Diver ‘dropped like a stone’ after getting into trouble

Ian Gregory Wells died in 2018.
Ian Gregory Wells died in 2018.
The buddy who tried to help a Central Otago man who died while diving in Doubtful Sound believes he heard him say "I can’t breathe" before he lost consciousness and "dropped like a stone".

Nevertheless, a lack of sufficient evidence means the cause of Roxburgh man Ian Gregory Wells’ death in 2018 will remain undetermined.

Mr Wells, a butcher and volunteer firefighter, died while diving in Doubtful Sound with a group of eight others.

Mr Wells was an experienced diver and had held a PADI open water diving qualification since 1991. He was also described by his partner as being in good physical shape.

Coroner Heather McKenzie has released her report into Mr Wells’ death.

A camera attached to Mr Wells was used by police to make fairly precise observations as to the sequence of events.

It showed it took only about five minutes from Mr Wells finding himself in trouble to when he was taken aboard the boat.

A police dive squad report found there were compounding issues which could have contributed to Mr Wells’ death, including a damaged inflater hose connection, regulators not serviced correctly making it harder for him to breathe and him not abandoning his weight belt when in difficulty.

On the day of his death, Mr Wells was diving near Bauza Island at a depth of about 15m hunting for crayfish when his diving partner, Warren Johnston, noticed he had swum away from the group.

When Mr Johnston spotted Mr Wells again he noticed he was vertical in the water and not swimming, which gave Mr Johnston cause for concern.

He then swam to within a few of metres of Mr Wells, where Mr Wells made a gesture across his throat indicating he had no air.

Mr Johnston then gestured to him to calm down and grabbed his regulator in readiness to give Mr Wells his main one.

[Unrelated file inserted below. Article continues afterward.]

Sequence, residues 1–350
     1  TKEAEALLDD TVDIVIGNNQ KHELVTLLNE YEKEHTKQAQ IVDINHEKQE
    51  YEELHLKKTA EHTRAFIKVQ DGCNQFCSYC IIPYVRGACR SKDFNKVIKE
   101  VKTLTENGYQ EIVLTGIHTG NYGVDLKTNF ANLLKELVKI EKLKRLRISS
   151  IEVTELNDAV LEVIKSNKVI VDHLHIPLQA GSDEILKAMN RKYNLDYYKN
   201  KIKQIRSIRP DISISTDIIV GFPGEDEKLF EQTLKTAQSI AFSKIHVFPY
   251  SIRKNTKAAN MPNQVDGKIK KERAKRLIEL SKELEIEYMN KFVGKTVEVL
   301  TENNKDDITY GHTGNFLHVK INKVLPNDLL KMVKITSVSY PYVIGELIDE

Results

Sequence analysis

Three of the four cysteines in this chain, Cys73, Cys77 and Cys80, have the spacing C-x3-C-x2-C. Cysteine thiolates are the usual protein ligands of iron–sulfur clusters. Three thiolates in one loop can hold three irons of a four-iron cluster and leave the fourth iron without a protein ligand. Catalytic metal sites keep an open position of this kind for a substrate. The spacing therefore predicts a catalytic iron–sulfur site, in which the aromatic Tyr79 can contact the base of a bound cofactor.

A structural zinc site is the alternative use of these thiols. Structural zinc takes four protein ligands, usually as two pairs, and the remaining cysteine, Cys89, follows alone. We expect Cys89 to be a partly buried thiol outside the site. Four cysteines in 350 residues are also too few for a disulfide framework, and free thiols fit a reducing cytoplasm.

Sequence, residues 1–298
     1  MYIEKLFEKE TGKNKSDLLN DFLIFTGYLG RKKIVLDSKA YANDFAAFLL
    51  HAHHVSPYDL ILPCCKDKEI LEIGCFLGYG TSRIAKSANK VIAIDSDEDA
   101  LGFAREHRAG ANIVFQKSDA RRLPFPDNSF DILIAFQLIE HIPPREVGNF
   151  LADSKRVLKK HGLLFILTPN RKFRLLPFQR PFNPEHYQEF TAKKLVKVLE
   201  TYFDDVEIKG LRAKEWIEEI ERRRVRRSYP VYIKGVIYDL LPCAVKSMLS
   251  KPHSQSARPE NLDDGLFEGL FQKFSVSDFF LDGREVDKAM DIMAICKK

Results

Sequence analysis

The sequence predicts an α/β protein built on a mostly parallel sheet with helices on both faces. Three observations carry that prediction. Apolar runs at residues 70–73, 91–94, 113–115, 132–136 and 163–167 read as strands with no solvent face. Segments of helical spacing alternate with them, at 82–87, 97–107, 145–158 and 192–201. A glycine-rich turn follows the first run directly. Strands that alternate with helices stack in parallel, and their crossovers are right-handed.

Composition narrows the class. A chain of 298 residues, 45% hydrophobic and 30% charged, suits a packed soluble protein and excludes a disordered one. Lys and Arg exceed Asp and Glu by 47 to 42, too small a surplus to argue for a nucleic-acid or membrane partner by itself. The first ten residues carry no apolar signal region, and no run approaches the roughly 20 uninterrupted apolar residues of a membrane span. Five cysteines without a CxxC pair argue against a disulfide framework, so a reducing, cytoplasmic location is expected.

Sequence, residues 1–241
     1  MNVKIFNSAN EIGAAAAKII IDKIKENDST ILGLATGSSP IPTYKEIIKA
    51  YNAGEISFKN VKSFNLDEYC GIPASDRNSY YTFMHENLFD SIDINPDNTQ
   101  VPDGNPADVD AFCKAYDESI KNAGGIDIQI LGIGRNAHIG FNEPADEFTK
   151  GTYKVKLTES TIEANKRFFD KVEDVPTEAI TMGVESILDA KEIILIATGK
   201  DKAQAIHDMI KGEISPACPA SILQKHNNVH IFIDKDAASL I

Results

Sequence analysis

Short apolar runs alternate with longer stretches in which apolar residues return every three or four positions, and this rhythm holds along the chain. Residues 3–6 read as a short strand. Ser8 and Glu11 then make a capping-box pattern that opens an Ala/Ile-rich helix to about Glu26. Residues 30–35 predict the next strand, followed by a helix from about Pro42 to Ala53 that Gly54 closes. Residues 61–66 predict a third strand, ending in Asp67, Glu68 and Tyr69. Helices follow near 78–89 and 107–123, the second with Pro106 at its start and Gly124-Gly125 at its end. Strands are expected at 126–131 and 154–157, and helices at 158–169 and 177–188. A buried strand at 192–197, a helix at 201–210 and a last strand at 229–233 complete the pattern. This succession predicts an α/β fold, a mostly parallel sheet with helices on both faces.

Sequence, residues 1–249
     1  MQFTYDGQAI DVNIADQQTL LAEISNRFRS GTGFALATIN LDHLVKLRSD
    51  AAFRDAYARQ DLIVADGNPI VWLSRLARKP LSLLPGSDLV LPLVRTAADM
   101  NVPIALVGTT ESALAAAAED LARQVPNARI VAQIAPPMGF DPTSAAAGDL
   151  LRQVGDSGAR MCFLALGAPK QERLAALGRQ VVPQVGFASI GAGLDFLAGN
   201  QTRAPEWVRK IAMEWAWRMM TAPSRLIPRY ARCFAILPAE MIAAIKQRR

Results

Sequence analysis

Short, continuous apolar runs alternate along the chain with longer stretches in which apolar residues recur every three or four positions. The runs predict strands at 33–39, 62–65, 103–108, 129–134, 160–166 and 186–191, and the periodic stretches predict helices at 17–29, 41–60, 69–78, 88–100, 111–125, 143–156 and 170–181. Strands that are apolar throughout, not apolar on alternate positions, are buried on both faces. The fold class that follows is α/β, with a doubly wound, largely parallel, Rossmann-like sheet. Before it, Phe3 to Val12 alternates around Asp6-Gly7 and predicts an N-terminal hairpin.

Mr Wells had his regulator in his mouth and Mr Johnston remembered pushing the purge button to give him air and saw it produce bubbles.

He could see Mr Wells' eyes wide open and realised he was in trouble and thought he heard him say "I can't breathe".

Mr Wells either then lost consciousness or died as "he just dropped like a stone straight down".

After diving down after him, Mr Johnston had to inflate both his and Mr Wells’ buoyancy compensator, then remove a weight belt to bring Mr Wells to the surface.

Mr Wells was then taken aboard the boat the group had been using where CPR was performed and emergency help called. Paramedics and a Danish doctor who was on holiday in the area assisted but they were unable to revive Mr Wells.

Ms McKenzie said while the police dive squad report noted potential causes, the circumstances leading to Mr Wells’ death could only be expressed as a possibility.

Because of those factors she concluded the the cause of death was unascertained.

In her report, Ms McKenzie repeated the recommendations made by the police dive squad, which included that people using a compressor to fill dive cylinders be made aware of their requirements under law, ensure dive equipment operated correctly and was regularly serviced, that divers should abandon their weights and catch bag when in difficulty and should dive with a buddy for the duration of the dive.

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